Development on the new Range Rover started in 1995, and it went through several metamorphoses before management was completely happy with the direction it was going in.
Land Rover and BMW produced competing design proposals, and it was the British iteration of the concept that won through at the end of the day.
Range Rover L322: Reimagining an icon
Geoff Upex and Don Wyatt invited a variety of Designers to submit proposals for how they thought a new Range Rover should look. As well as the Land Rover Styling Department, BMW and DRA (Design Research Associates) were asked for ideas. This sketch by Phil Simmons not only drew on the original Range Rover as an inspiration, but also the Riva Speedboat (flanks, proportions).
Former Rover Director of Design, Geoff Upex, who moved to Land Rover in 2000, and Lead Designer Don Wyatt were responsible for how the new Range Rover should look.
Both men saw the directive from BMW, that they should start with a clean sheet of paper (instead of basing it on the P38A) as a positive advantage, and embarked on their task with some relish.
Two studies that were passed over in the search for the new Range Rover. On the left, the DRA proposal was daring and quite sporting, but not in-theme enough to be taken further. On the right, a radical frontal treatment for the Range Rover was drawn up… it would appear that elements of the flanks, especially around the rear wheelarches, did make it onto the production version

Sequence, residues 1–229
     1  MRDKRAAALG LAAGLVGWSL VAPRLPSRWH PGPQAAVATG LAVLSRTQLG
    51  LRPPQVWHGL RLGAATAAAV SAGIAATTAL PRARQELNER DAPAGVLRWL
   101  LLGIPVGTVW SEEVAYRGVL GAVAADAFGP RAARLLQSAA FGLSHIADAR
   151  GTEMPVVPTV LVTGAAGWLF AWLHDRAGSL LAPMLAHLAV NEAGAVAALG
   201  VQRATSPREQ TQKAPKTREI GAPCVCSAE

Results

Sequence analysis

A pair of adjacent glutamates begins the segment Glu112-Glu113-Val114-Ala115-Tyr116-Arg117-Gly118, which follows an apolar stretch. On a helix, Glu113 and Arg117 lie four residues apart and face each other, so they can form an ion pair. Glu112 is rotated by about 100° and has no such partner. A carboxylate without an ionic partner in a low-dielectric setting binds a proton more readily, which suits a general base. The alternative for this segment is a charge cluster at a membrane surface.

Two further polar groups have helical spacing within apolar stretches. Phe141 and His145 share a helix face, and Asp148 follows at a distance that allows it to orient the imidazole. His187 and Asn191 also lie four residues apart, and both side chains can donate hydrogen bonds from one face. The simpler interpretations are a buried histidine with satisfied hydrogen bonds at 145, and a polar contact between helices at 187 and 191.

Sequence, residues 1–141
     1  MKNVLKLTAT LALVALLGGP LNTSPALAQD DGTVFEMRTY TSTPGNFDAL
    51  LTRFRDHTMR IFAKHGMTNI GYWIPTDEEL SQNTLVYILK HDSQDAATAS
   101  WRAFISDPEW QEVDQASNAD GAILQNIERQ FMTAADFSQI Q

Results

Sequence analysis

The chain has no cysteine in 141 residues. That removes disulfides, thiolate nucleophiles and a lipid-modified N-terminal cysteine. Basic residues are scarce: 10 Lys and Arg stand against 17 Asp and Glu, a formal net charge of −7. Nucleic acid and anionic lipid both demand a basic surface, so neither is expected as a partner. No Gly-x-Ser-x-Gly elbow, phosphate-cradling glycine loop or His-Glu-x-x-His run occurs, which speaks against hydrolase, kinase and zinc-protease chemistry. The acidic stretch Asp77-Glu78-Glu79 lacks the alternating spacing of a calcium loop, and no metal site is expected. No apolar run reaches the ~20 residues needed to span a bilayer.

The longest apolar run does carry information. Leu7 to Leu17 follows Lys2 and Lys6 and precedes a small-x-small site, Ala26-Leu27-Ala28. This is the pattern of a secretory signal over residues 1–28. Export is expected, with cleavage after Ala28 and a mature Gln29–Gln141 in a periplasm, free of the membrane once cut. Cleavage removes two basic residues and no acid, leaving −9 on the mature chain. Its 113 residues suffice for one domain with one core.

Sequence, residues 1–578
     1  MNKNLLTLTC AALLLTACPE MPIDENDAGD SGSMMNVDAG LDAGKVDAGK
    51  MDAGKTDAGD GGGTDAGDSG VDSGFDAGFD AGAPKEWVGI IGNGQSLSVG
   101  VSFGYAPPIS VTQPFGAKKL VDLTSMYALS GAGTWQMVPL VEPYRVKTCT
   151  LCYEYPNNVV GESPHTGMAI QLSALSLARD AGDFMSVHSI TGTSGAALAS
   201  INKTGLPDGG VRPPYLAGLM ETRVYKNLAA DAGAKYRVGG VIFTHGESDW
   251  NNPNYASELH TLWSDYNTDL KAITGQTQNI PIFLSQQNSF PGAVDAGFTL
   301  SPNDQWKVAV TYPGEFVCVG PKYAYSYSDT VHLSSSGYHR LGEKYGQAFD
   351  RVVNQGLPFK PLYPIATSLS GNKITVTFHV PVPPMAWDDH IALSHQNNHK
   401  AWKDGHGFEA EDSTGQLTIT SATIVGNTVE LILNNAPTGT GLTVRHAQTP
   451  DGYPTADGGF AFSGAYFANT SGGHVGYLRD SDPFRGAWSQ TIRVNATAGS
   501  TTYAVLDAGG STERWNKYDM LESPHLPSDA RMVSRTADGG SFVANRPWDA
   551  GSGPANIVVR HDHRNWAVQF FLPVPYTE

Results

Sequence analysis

Phil Simmons’ concept in clay – a 30% model of the design sketch is depicted at the top of the page. This was easily the most popular of the 12 models that were submitted to management, and this can easily be identified as the first step in the process that led to the 2001 Range Rover
August 1997, and four full-size models were presented to management: the left two were produced by BMW, overseen by Chris Bangle. The two on the right are by Land Rover, and it is Simmons’ version (second from right) which attracted the most favourable comments from Wolfgang Reitzle. Unsurprisingly, the Simmons proposal is also favoured by the Land Rover Board, but the design is not signed off at this point, as Reitzle felt that the competition should remain open a little longer. One of the German designs remained in the running, alongside the British proposal – Reitzle did not feel at that point in time, that the British design was quite there yet
In the run-up to the final design competition, Land Rover worked with BMW and lightly revised Simmons’ design as depicted in this sketch
December 1997, and after a final viewing by Reitzle, it is this full-size model that is signed-off for production
These interior sketches are actually taken from the aborted Discovery replacement, but they clearly show where the origins of the Range Rover’s interior lie
Full-size mock-up of the Range Rover interior shows that the luxury was added to the architectural theme investigated in the original ‘Discovery’ sketches. The finished article was a triumph of design and, like Rolls-Royce’s designs, the Range Rover’s buttons were all operable by a gloved driver. Ford design boss, J Mays described the Range Rover interior as ‘the best I have ever seen.’
All pictures courtesy of Autocar and used are used with permission
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